Collaboration is key
by Bianca Le
More than 30 of Melbourne’s science communicators gathered for lunch at the historic Royal Society of Victoria building, Scientell’s home base. A mix of clients, partners and colleagues – ranging from industry, academia and university – came to the event to hear about Scientell’s latest work, but stayed to catch up with familiar faces and swap business cards with new faces.
Simon Torok, co-director of Scientell, opened the event by sharing a few things he and Paul Holper have learned in the first four years of the company. He said much of Scientell’s work involves distilling large amounts of technical information into something that has more impact. While booklets, feature articles, and brochures remain the bread and butter of science communication, Scientell has also embarked on more innovative and creative formats, such as writing ‘cli-fi’ (climate fiction) stories, collaborating with others to produce videos and animations, generating content for an app, and developing educational material for an augmented reality game. Guests were invited to share stories of their experience with unconventional formats of science communication; ultimately, everyone agreed that finding innovative ways to package and deliver scientific information is necessary for a broader and holistic communication strategy.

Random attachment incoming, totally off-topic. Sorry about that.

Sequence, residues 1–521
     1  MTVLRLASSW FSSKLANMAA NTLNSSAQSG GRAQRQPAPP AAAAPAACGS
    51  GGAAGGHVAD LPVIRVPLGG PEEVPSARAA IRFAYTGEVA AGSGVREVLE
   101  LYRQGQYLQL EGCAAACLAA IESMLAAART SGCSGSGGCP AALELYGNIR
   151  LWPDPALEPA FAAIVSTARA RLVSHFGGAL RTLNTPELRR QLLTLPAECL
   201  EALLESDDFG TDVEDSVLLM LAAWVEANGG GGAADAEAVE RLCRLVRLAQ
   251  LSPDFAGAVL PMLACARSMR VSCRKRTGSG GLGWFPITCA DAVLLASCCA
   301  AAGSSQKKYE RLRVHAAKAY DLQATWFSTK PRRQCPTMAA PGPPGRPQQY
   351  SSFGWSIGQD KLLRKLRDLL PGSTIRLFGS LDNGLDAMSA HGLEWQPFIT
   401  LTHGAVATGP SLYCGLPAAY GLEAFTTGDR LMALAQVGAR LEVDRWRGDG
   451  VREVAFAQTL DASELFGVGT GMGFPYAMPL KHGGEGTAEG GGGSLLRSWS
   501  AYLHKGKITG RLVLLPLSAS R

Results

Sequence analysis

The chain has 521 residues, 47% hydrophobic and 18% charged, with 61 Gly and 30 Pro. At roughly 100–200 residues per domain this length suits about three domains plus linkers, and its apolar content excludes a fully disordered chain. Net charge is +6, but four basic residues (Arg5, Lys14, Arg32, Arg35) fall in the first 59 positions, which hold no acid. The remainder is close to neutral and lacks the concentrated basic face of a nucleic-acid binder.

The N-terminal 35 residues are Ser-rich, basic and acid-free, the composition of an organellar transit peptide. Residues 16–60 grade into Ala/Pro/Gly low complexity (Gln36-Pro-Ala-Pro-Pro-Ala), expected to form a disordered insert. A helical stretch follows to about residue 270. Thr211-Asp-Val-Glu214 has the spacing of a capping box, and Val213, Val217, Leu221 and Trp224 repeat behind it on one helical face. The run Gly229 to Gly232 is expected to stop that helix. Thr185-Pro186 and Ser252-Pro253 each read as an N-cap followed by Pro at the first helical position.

The invited guest speaker, Dr Jenny Martin, is a science communication educator at the University of Melbourne and long-time collaborator of Scientell’s. Jenny recounted her recent visits to international universities that hold world-leading science communication courses for journalists; she left feeling proud that Melbourne is home to the only science communication course designed specifically for science students. The success of the course can be attested to the fact that many of her students have moved into a broad range of science communication fields; some of these former students were in the room as fellow colleagues.
Jenny shared some practical advice for effective science communication, which can be summed up in a memorable acronym: GAMPER. Jenny encourages her students and colleagues to ask themselves these questions, in this order, before creating any content:
Goal – What are you trying to achieve?
Audience – Who exactly do you want to target? (Zero points if you say ‘the general public’!)
Message – What story do you want to convey?
Platform – What platform (YouTube, Twitter, Ted Talk, book etc) would be most appropriate for your goal, audience and message?
Evaluation – How will you evaluate the effectiveness of your Message?
Refine – Use your metrics from your evaluation to refine and master your message
Simon concluded the event with three key messages: think creatively about the content and delivery; a variety of methods combined can be effective, and collaboration is key.